The duty of care in boxing matches is shared by event promoters, coaches/trainers and, to a certain extent, ringside medics.
Promoters’ duty of care
An event promoter’s duty of care in boxing matches includes ensuring participants, referees, other attending personnel and spectators are not at risk of personal injuries by making sure that:
- Ringside medics are present at all contests (to ensure boxing injuries are diagnosed and treated quickly and effectively)
- The ring, pathways and other areas frequented by participants, personnel and spectators are well maintained, dry and clutter-free (to prevent injuries by slip, trips and falls, faulty equipment or worn/damaged seating, for example)
- Parking areas and walkways into the venue are well maintained (prevention of slip, trip or fall injuries)
Suitably trained personnel to ensure effective crowd control must also be in place (prevention of unruly crowds causing outbreaks of violence).
Coaches’ and trainers’ duty of care in boxing matches
Trainers and coaches must ensure that boxers are protected by ensuring that boxers:
- Wear suitable, well-maintained protective equipment when training, sparring and competing (boxing gloves; headgear during training)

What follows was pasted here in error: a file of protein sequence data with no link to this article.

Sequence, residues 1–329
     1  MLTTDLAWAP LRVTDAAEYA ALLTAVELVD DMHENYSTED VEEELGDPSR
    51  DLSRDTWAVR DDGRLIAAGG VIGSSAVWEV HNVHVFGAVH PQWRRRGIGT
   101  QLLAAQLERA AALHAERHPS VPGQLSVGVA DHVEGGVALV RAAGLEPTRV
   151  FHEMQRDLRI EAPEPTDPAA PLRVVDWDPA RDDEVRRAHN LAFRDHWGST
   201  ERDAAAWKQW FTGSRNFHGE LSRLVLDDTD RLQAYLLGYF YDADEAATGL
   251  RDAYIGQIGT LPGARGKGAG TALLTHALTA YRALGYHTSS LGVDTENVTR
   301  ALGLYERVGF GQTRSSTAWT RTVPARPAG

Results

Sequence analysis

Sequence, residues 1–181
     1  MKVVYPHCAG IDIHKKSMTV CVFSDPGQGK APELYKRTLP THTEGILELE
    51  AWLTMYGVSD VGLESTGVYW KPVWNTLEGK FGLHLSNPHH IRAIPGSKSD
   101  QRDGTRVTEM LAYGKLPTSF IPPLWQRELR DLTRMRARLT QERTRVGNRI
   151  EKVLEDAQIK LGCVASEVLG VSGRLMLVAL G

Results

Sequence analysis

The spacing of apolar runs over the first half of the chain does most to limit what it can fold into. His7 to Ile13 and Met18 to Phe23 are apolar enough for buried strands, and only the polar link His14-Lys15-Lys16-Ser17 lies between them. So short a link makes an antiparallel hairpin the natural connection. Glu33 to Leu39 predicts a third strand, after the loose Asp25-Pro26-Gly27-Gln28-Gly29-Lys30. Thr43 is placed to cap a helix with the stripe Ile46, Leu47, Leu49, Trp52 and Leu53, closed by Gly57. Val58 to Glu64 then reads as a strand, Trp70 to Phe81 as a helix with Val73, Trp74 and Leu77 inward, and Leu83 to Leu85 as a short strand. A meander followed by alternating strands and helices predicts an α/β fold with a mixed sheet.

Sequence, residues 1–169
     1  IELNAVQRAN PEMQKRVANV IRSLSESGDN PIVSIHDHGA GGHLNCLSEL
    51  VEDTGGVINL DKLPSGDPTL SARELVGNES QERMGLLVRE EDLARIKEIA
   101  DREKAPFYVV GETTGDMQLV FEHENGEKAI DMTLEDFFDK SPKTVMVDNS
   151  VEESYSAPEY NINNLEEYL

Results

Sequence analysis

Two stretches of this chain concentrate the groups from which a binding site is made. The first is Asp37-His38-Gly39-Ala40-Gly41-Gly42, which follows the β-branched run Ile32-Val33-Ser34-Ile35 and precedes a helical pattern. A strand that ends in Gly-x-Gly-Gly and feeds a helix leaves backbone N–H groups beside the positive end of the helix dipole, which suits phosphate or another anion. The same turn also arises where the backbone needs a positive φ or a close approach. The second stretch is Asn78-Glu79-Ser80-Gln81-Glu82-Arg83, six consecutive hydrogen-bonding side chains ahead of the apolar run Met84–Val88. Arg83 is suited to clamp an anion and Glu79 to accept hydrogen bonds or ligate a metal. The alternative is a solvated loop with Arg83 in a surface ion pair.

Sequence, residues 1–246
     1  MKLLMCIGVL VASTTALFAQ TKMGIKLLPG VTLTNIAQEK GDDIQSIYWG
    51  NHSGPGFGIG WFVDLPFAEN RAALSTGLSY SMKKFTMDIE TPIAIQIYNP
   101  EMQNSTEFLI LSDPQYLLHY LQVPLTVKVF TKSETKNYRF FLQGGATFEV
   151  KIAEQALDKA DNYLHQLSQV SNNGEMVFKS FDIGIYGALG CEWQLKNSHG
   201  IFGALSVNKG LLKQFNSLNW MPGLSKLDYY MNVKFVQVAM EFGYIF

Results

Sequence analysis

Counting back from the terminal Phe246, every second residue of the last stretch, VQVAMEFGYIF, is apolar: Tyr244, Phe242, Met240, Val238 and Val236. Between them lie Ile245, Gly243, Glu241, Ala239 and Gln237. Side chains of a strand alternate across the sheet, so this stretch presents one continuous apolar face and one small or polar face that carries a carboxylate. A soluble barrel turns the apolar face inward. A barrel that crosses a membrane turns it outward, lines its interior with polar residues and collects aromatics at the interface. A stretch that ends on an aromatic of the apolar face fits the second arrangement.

- Potential risks are made aware of
- Trained in self-protection and avoiding boxing injuries
Any protective equipment worn by boxers should be regularly checked and maintained, regardless of whether it was provided by a club or belongs to a boxer. Other equipment, training areas and associated facilities must also be kept well maintained, clutter-free and dry.
Ringside medics’ duty of care
Ringside medics’ duty of care in boxing matches consists of correctly diagnosing and administering suitable treatment for boxing match injuries. They may also be called upon to assist in the treatment of other personnel or spectators in case of accidents at a boxing venue.
Breach of duty of care
If the duty of care is breached by promoters, trainers/coaches or medics and you are subsequently injured by a boxing match accident or your boxing-related injury develops into a long-term condition (like Chronic Traumatic Brain Injury, for instance) because it was not diagnosed or treated adequately by ringside medics, you could have reason to make a claim for injury compensation.
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Date Published: February 6, 2017
Author: Accident Advice